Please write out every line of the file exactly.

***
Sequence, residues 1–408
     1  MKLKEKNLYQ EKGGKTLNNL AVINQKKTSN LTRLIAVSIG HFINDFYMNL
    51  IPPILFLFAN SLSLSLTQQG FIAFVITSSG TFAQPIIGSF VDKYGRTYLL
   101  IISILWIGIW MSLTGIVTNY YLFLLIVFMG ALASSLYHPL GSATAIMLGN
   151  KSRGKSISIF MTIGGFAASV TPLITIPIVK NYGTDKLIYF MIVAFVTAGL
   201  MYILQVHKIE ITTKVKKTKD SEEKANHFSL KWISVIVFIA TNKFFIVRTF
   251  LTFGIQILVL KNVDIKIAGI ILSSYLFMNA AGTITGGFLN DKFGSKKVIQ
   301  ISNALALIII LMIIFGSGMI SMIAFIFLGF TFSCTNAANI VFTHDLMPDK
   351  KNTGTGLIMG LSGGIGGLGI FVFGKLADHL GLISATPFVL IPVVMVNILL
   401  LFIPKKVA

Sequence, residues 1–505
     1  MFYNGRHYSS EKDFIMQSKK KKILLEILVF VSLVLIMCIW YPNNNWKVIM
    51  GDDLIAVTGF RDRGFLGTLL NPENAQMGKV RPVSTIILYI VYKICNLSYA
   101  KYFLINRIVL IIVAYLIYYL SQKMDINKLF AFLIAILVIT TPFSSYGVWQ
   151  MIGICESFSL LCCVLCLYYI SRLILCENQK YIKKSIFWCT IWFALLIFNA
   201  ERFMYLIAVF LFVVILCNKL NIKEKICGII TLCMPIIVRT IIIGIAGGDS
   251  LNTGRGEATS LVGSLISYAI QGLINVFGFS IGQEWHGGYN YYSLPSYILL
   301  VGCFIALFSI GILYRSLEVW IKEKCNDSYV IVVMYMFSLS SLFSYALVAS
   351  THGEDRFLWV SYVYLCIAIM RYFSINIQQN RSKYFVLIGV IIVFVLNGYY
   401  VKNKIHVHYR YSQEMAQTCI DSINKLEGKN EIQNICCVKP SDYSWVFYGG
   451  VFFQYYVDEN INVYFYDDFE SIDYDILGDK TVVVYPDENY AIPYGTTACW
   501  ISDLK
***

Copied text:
Sequence, residues 1–408
     1  MKLKEKNLYQ EKGGKTLNNL AVINQKKTSN LTRLIAVSIG HFINDFYMNL
    51  IPPILFLFAN SLSLSLTQQG FIAFVITSSG TFAQPIIGSF VDKYGRTYLL
   101  IISILWIGIW MSLTGIVTNY YLFLLIVFMG ALASSLYHPL GSATAIMLGN
   151  KSRGKSISIF MTIGGFAASV TPLITIPIVK NYGTDKLIYF MIVAFVTAGL
   201  MYILQVHKIE ITTKVKKTKD SEEKANHFSL KWISVIVFIA TNKFFIVRTF
   251  LTFGIQILVL KNVDIKIAGI ILSSYLFMNA AGTITGGFLN DKFGSKKVIQ
   301  ISNALALIII LMIIFGSGMI SMIAFIFLGF TFSCTNAANI VFTHDLMPDK
   351  KNTGTGLIMG LSGGIGGLGI FVFGKLADHL GLISATPFVL IPVVMVNILL
   401  LFIPKKVA

Sequence, residues 1–505
     1  MFYNGRHYSS EKDFIMQSKK KKILLEILVF VSLVLIMCIW YPNNNWKVIM
    51  GDDLIAVTGF RDRGFLGTLL NPENAQMGKV RPVSTIILYI VYKICNLSYA
   101  KYFLINRIVL IIVAYLIYYL SQKMDINKLF AFLIAILVIT TPFSSYGVWQ
   151  MIGICESFSL LCCVLCLYYI SRLILCENQK YIKKSIFWCT IWFALLIFNA
   201  ERFMYLIAVF LFVVILCNKL NIKEKICGII TLCMPIIVRT IIIGIAGGDS
   251  LNTGRGEATS LVGSLISYAI QGLINVFGFS IGQEWHGGYN YYSLPSYILL
   301  VGCFIALFSI GILYRSLEVW IKEKCNDSYV IVVMYMFSLS SLFSYALVAS
   351  THGEDRFLWV SYVYLCIAIM RYFSINIQQN RSKYFVLIGV IIVFVLNGYY
   401  VKNKIHVHYR YSQEMAQTCI DSINKLEGKN EIQNICCVKP SDYSWVFYGG
   451  VFFQYYVDEN INVYFYDDFE SIDYDILGDK TVVVYPDENY AIPYGTTACW
   501  ISDLK